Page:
Since then a lot of individual developers as well as larger companies building internal developer platforms reached out and asked how we run the latest VS Code in a browser. As everything happened in public repositories it was no secret and we happily shared pointers to the GitHub URLs. But our server implementation still was bound to Gitpod services. For example, we had a custom remote terminal implementation while MS open-sourced its
pty service. After the requests became more and more frequent we decided to separate concerns and provide a clean-cut between the server and parts which we add to integrate with Gitpod. OpenVSCode Server was born.
Honestly, we never expected to receive such a positive response and were impressed with the feedback even before our launch announcement. Within several days we were joined by large companies such as GitLab, VMware, Uber, SAP, Sourcegraph, RStudio and SUSE. We went from 62 to more than 1.6k stars in a week and are working now with a vibrant community to further improve the project.
As a positive side effect, we streamlined the server implementation and dropped some unnecessary complexity. By imposing constraints such as never changing Microsoft code, we enabled a straightforward, fully automated upgrade path. We run a nightly sync job which brings all upstream changes to our fork. After that, we run smoke and integration tests from Code - OSS with some additional tests for Open VSX.
This enables us to release OpenVSCode Server the same day when Microsoft releases its version of VS Code.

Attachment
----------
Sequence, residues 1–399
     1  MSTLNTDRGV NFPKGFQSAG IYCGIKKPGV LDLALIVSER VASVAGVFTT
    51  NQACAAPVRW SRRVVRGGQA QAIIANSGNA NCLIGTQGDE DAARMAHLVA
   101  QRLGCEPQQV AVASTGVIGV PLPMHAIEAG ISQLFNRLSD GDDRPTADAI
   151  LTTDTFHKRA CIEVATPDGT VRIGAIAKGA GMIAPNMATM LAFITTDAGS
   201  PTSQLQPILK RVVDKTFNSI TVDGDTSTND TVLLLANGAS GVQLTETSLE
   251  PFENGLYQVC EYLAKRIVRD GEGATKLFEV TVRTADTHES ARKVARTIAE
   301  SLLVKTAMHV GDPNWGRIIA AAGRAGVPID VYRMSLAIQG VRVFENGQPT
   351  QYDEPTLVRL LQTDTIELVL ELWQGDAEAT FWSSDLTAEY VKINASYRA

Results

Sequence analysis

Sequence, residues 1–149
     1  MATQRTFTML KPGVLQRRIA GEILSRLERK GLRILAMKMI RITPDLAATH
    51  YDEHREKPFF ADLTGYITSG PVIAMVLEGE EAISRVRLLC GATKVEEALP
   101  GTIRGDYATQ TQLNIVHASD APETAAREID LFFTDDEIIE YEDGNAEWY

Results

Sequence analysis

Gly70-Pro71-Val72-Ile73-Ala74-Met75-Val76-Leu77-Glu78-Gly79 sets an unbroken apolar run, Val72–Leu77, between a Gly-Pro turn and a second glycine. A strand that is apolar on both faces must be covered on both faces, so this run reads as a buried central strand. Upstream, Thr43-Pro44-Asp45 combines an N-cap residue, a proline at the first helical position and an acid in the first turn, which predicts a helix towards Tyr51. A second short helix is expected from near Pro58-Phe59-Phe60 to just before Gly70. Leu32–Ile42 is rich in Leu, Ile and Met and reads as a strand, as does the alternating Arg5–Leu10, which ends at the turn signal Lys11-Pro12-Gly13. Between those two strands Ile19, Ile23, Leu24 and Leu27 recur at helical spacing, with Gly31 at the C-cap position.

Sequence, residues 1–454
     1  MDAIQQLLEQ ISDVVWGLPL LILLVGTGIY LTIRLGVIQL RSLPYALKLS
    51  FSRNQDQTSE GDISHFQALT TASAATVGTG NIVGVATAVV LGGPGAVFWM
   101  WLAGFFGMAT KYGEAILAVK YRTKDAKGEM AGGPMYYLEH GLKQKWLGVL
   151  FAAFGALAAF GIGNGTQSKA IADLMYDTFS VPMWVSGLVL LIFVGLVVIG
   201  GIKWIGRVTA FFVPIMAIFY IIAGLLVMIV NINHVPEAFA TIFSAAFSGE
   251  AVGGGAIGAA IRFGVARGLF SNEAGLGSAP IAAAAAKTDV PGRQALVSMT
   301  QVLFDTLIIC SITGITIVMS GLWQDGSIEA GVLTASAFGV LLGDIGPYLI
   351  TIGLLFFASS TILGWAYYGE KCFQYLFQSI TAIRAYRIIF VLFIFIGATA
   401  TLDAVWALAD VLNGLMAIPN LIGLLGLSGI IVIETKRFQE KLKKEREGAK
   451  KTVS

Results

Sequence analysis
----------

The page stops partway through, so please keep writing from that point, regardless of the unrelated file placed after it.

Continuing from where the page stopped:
I hope this gives some context on the origin and scope of OpenVSCode Server. Right now we see a lot of feature requests such as adding settings sync, GitHub auth, tunneling, secure access. As the project’s scope is to keep the changes to upstream VS Code as minimal as possible we will not bloat the server, but (similar to upstream VS Code) use their extension model and external services to add missing functionality. Examples of that would be syncing VS Code settings via a VS Code extension connecting to the Gitpod server or providing guides explaining how to put the server behind SSH or a reverse proxy.
As VS Code and cloud-based, remote development continue to grow in popularity, we hope to see the server-side implementation powering GitHub Codespaces being open-sourced in the upstream repository by Microsoft. Outside of VS Code, Jetbrains will give our whole ecosystem a big boost with their remote development support.
This means that more than 80% of the IDE market will have built-in functionality to connect to developer environments running in the cloud, while keeping the editing experience you are used to from your Desktop application. With Gitpod you can provision, automate and orchestrate those workloads for yourself and your team with the least friction possible. After four years it feels we are at a tipping point and I am excited about what comes next.